STATE OF NORTH CAROLINA v. MARVIN DALE HARRIS
COURT OF APPEALS OF NORTH CAROLINA
2009 N.C. App. LEXIS 23
November 17, 2008, Heard in the Court of Appeals
January 6, 2009, Filed
COUNSEL: Roy Cooper, Attorney General, by Kathryn J. Thomas, Assistant Attorney General, for the State.
William D. Auman for defendant-appellant.
JUDGES: MARTIN, Chief Judge. Judges WYNN and STEPHENS concur.
OPINION BY: MARTIN
Appeal by defendant from judgment entered 6 December 2007 by Judge Laura J. Bridges in Graham County Superior Court. Heard in the Court of Appeals 17 November 2008.
MARTIN, Chief Judge.
Defendant appeals from a judgment imposing an active sentence entered upon his conviction by a jury for felonious assault with a deadly weapon inflicting serious injury.
The evidence presented by the State at trial tended to show that in the evening of 16 February 2007, Kaleb Chekelee, his brother Gabe, and several other friends returned to Robbinsville after attending a basketball game in Bryson City. They parked in the lot of the Ingles Market and were talking with friends who were in another vehicle driven by Kyle Woods. Two passengers, Taylor Wachacha and Travis Garrison, got out of Kaleb Chekelee’s vehicle and were “goofing off and playing around” in the parking lot.
At the same time, defendant was walking his dogs, pit bulls, in the parking lot and apparently took them off their leashes. The dogs began running across the lot toward the Chekelee and Woods vehicles and Kaleb Chekelee told Taylor and Travis to get back in the car. When they did so, the dogs turned around and walked back toward defendant.
About ten to fifteen minutes later, defendant approached Kaleb Chekelee’s car and asked him if he had kicked and yelled at the dogs. Chekelee replied that he had not, but defendant threatened to beat him and punched Chekelee through the open car window. Chekelee got out of the car and defendant said “sic ’em,” at which time one of the dogs grabbed Chekelee’s trousers and the other dog jumped up and bit Chekelee in the face. The injuries required medical treatment, including approximately fifteen stitches, and left a scar on Chekelee’s face.
Defendant testified on his own behalf that he was walking his dogs in the parking lot after the store closed and let them off the leash to run. According to defendant, two of the boys at the other end of the parking lot were “whooping and hollering” and the dogs ran in their direction. One of the boys kicked one of defendant’s dogs and then the two boys jumped back in the car. Defendant walked up to the car and asked the driver, Kaleb Chekelee, why he had kicked the dog. Chekelee cursed defendant and defendant punched Chekelee in the mouth. Defendant then backed up and all of the boys got out of the car and surrounded him. He denied telling the dogs to “sic ’em,” but instead said “watch ’em.” Chekelee then moved toward defendant and one of the dogs grabbed Chekelee’s coat. Chekelee kicked at him and the dog snapped at his face, catching his lip. When defendant told the dog “down,” the dog came back to him.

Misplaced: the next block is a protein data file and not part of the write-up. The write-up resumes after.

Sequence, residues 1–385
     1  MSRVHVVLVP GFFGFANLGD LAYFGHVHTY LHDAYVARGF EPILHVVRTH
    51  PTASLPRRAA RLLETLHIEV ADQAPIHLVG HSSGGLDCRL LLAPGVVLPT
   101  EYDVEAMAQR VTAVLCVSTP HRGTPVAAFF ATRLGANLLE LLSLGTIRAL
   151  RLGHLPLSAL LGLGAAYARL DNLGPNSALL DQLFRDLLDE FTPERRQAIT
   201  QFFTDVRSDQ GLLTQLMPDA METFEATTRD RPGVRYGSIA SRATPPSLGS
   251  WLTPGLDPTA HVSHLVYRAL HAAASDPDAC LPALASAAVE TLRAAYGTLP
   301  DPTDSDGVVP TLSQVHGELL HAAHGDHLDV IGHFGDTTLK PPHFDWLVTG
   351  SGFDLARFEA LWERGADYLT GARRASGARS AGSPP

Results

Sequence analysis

Defendant’s motions to dismiss at the close of the State’s evidence and the close of all the evidence were denied. On the following morning, defendant was not present when court convened. Before proceeding with the conference on jury instructions, the court inquired of defense counsel: “Do you want to wait for your client to get here?” Counsel replied: “He’s in the office, your Honor, I’m ready to go ahead.” The court proceeded with the conference in defendant’s absence.
Defendant has asserted three assignments of error relating to the trial court’s (I) decision to conduct the jury charge conference in defendant’s absence; (II) failure to instruct the jury on self-defense; and (III) failure to grant the defense’s motion to dismiss for insufficiency of evidence.
Defendant first argues that the trial court erred by proceeding with the jury charge conference outside the presence of the defendant. We disagree.